Former New York governor Mario Cuomo famously said politicians must campaign in poetry, but govern in prose.
It’s a lesson Jacinda Ardern has had cause to absorb during her first and largely positive foray onto the world stage.
Just over three months ago, Ardern was staring down the barrel of a fourth term in opposition with Labour.
Now, after a poetic come-from-behind victory, she is screaming through Asian streets at the centre of a motorcade and walking down red carpets to be greeted by world leaders.
Of course, the reality of these summits is more prosaic for most, as exemplified by the muggy, narrow, packed corridor that media and officials waited in while their leaders held bilateral talks at the East Asia Summit in Manila.
There was a hint of lyricism early in the trip, when Ardern spoke at the Apec CEO Summit in Vietnam about climate change “lapping at our feet” in the Asia-Pacific.
Yet the Prime Minister and her team quickly showed a pragmatic streak in signing off on the polarising Trans Pacific Partnership trade deal.
Pragmatism wins on TPP
Labour was an outspoken critic of the TPP while in opposition (along with its coalition partners), and was dealt a difficult hand when given just three weeks to push for last-minute changes and make a call on whether or not to back the agreement.
Ardern’s canny Trade and Export Growth Minister David Parker had already come up with a solution to implement a “ban” on foreign home buyers, but the Investor State Dispute Settlement (ISDS) clauses were tougher to fix.
In the end, the Prime Minister signed off on an agreement with somewhat narrowed ISDS clauses, calculating the benefits to Kiwi exporters of improved access to a number of markets – Japan in particular – outweighed the negatives.
It appeared a more constructive approach than Ardern’s Canadian counterpart and fellow liberal star Justin Trudeau, whose no-show to scheduled TPP leaders’ talks threatened briefly to derail the deal.
Canadian media spun the move as masterful strategising to secure a better deal – a suggestion Ardern slapped down, saying: “I wouldn’t want anyone to be under any illusion that somehow they advocated for theirs more strongly than ours – we pushed hard, but we pushed hard at the negotiating table.”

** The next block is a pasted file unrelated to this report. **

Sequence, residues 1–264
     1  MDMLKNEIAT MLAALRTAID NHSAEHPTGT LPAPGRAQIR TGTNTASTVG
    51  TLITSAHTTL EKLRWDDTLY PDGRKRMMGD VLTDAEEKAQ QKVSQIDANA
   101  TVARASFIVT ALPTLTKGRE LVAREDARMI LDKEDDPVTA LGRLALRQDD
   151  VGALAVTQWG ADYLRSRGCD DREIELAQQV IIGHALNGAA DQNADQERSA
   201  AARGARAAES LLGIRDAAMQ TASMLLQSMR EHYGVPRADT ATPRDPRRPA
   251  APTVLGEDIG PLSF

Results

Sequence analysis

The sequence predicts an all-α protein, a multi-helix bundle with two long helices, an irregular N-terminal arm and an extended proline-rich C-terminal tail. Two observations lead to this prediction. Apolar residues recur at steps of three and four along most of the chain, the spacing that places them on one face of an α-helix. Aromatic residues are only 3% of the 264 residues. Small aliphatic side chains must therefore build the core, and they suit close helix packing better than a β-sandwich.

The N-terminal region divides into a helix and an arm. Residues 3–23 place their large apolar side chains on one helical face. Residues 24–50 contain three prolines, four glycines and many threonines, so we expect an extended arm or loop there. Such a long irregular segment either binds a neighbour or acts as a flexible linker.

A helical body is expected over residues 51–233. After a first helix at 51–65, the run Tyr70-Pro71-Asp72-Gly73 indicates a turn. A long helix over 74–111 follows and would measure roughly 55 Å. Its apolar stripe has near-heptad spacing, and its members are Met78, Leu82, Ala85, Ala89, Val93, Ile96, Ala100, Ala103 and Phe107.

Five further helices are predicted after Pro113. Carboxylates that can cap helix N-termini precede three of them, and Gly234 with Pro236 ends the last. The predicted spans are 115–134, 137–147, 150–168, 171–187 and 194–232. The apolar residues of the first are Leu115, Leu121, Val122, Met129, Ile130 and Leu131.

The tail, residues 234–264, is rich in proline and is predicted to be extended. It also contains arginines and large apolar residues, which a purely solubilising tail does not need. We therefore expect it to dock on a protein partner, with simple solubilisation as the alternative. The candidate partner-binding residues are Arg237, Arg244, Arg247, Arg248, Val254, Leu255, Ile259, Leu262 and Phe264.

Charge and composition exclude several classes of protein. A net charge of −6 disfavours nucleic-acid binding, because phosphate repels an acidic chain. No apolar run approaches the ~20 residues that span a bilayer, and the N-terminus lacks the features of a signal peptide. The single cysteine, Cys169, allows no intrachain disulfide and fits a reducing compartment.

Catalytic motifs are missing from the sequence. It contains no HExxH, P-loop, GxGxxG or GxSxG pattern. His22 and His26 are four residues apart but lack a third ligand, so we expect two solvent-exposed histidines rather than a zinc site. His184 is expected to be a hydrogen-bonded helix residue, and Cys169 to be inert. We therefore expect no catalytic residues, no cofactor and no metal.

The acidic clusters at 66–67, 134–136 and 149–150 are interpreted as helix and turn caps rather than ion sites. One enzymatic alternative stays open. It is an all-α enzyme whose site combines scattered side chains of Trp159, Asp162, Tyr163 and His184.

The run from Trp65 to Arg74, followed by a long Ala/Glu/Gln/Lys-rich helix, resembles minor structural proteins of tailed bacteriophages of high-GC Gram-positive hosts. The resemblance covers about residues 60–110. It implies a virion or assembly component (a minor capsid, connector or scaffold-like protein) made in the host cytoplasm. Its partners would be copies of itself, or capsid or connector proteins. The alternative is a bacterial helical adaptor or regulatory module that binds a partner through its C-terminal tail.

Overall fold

The Government’s decision is not without risk: Ardern’s team had hoped the unions would be onside with the decision but the CTU has maintained its opposition, while the Greens have pledged to oppose the deal and fellow coalition partner New Zealand First may yet follow.
But she has clearly decided it was worth the temporary pain for a long-term gain.
Making a stand on Manus
In her comments about the situation on Manus Island, Ardern has run up hard against the realities of world diplomacy.
Her comments about the plight of the asylum seekers and refugees – that she saw “the human face of this”, that it was “clear we don’t see what’s happening there as acceptable” – hardly seemed a blistering excoriation of Australia’s role, given the tales from those among the hundreds at the offshore detention centre.
Yet her comments seemed to rile the Australians, perhaps not expecting such a sharp tone given the careful wording of her predecessors.
A story in Australian newspaper the Courier-Mail seemed designed to do Ardern damage, “revealing” attempts from people smugglers to reach New Zealand and speaking about “genuine fears within intelligence communities” that her approach could encourage more to send boats.
Ardern brushed the report off, but the fracas is unlikely to do much to ease strains in the trans-Tasman relationship.
More bland words may have led to an increased likelihood of a compromise, but would not have conveyed the gravity with which Ardern sees the situation, and it is to her credit that she was able and willing to speak out.
And in the end, some old-fashioned legwork from officials behind the scenes, coupled with a 20-minute meeting between Ardern and Malcolm Turnbull, seemed to pay dividends, with the two countries working in advance to be ready if and when Australia decides to take up the offer.
Poetry can win campaigns, but Ardern will need to mix that with a fair amount of prose to navigate the tricky international environment over the coming term.